"We're just trying to create an experience for visitors and locals alike, because quite frankly, in our industry, the convention attendees like to go where the locals go," Johnson said. "If we can make it exciting and interesting and entertaining for local folks, then we know it'll be a success with the visitors."
Things seemed to be falling into place when the Convention Center's board in early 2015 began negotiating with a group led by the Dallas-based Howard Hughes Corp. and local developers Joe Jaeger and Darryl Berger.
Hughes is an experienced national retail developer and owns the nearby Outlet Collection at the Riverwalk. Jaeger and Berger are both successful local hotel developers.
Johnson anticipated that the negotiators would reach an accord last summer and the Convention Center board would vote on whether to award the development team exclusive leasing rights, perhaps by the end of last year.
That still hasn't happened. "We're still slogging through it," Johnson said last week. "As you can imagine, it's very complicated."
It's unclear precisely what's holding things up.
One stumbling block, Johnson said, is that both sides are trying to get comfortable with the massive level of public and private investment contemplated. Although a deal has not been finalized, the board's vision for what should happen on the tract "is still intact," he said.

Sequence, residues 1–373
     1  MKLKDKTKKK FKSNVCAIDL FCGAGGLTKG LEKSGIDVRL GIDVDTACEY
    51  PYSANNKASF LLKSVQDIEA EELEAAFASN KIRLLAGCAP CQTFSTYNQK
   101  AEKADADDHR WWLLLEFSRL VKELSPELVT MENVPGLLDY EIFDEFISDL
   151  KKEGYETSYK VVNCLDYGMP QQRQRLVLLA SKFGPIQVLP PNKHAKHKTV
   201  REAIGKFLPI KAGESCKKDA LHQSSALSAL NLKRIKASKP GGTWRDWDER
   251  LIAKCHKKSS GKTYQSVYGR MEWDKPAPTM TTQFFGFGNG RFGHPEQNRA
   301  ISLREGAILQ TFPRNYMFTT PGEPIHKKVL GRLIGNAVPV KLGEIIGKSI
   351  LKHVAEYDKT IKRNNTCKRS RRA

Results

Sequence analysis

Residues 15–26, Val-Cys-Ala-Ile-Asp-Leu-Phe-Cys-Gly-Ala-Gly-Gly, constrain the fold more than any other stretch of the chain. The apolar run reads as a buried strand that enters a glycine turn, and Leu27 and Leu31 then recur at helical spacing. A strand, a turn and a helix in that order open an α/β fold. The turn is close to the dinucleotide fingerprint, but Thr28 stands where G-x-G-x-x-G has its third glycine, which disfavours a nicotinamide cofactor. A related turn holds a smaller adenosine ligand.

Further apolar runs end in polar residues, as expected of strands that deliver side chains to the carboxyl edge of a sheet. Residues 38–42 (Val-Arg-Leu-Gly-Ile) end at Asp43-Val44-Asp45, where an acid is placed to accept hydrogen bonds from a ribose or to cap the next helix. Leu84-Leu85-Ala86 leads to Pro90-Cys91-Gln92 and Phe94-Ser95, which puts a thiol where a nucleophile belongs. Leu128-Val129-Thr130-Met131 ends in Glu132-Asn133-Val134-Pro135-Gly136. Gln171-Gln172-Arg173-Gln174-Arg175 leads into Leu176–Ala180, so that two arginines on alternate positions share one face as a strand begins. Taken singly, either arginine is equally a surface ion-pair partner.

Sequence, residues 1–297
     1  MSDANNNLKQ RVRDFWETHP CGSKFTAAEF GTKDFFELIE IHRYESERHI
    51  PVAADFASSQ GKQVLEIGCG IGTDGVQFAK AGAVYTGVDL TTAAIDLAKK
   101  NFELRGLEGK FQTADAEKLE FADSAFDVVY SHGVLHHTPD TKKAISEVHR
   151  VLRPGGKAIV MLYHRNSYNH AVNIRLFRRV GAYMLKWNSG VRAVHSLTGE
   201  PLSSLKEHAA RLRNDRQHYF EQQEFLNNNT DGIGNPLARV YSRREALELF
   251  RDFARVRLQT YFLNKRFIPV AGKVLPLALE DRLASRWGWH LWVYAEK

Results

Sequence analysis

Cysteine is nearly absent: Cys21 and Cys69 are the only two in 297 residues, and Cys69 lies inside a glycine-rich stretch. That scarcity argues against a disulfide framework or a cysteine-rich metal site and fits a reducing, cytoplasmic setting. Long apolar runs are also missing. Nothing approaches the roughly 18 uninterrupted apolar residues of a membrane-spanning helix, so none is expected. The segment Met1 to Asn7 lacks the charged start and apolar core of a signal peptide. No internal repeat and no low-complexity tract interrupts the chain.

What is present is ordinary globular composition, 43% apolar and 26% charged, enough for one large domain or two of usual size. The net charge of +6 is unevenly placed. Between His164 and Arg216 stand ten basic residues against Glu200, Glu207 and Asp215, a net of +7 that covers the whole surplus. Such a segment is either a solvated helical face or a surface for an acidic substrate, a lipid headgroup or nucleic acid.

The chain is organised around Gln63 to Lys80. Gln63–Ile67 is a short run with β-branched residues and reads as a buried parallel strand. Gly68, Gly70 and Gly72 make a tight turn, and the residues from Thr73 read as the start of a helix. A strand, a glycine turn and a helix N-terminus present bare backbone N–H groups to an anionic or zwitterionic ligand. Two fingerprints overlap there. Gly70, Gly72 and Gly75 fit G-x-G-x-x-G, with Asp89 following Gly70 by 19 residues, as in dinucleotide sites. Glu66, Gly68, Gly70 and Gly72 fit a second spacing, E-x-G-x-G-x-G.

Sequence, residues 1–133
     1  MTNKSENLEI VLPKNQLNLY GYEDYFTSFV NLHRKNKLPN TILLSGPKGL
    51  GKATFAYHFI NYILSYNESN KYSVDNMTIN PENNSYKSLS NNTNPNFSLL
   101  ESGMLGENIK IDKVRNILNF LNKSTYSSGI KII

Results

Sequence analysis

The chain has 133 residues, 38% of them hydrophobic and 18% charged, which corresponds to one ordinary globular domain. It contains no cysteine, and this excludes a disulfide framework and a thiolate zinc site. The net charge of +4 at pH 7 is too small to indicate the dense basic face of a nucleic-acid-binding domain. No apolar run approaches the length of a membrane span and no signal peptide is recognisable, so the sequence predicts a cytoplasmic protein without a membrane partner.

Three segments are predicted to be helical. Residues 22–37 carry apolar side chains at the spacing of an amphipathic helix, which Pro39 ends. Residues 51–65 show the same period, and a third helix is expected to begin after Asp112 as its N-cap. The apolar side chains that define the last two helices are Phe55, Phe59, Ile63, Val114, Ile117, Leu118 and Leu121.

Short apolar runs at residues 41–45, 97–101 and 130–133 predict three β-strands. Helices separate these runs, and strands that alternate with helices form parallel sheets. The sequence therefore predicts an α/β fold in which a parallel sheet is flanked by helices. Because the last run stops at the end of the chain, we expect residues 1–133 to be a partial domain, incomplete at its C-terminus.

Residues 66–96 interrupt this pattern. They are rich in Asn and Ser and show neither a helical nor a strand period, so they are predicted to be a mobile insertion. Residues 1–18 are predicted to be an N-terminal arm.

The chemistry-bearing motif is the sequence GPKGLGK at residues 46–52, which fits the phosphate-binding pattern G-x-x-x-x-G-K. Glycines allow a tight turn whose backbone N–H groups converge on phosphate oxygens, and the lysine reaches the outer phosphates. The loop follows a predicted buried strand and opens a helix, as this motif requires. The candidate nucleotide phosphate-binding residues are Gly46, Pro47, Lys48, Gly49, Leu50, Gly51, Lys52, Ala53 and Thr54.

Johnson added that the discussions are complex and weighed down by a myriad of factors, including ironing out traffic plans and zoning changes. "We keep attending to those in hopes that we can eventually find a way to be able to accommodate everybody's concerns," he said.
Berger had a similar take, saying the deal has a lot of moving parts. "In a nutshell, it is complicated, to say the least," he said.
But he added that he expects an agreement by the end of the year, with plans being drawn up in 2017 and construction of a hotel beginning the year after that. Berger acknowledged some parties to the discussion are feeling "a bit of frustration" but said he personally is not.
Jaeger could not be reached for comment.
Representatives of the Howard Hughes Corp. did not return a message.
A spokesman for Mayor Mitch Landrieu also did not return a call for comment.
Johnson said another long-awaited part of the Convention Center's master plan — a $65 million effort to transform Convention Center Boulevard into a more pedestrian-friendly street that connects the Warehouse District to the French Quarter in an attractive, enticing way — may reach the design phase by the end of the year.
In the next couple of months, the City Planning Commission will consider proposed zoning changes for the vacant tract that would make it consistent with the Convention Center's developed land, a key step for a new, 1,000-room hotel to be built at the site. The commission will make a recommendation to the City Council after holding a public hearing on the matter.
While those are positive steps, Johnson said it would "be a reasonable consideration" to go back to the drawing board and send out another request for proposals if a deal isn't reached by the end of the year.
But he's optimistic that won't be necessary. "Everybody wants to get it done," he said. "Everybody does, so that's really the only impetus that we need."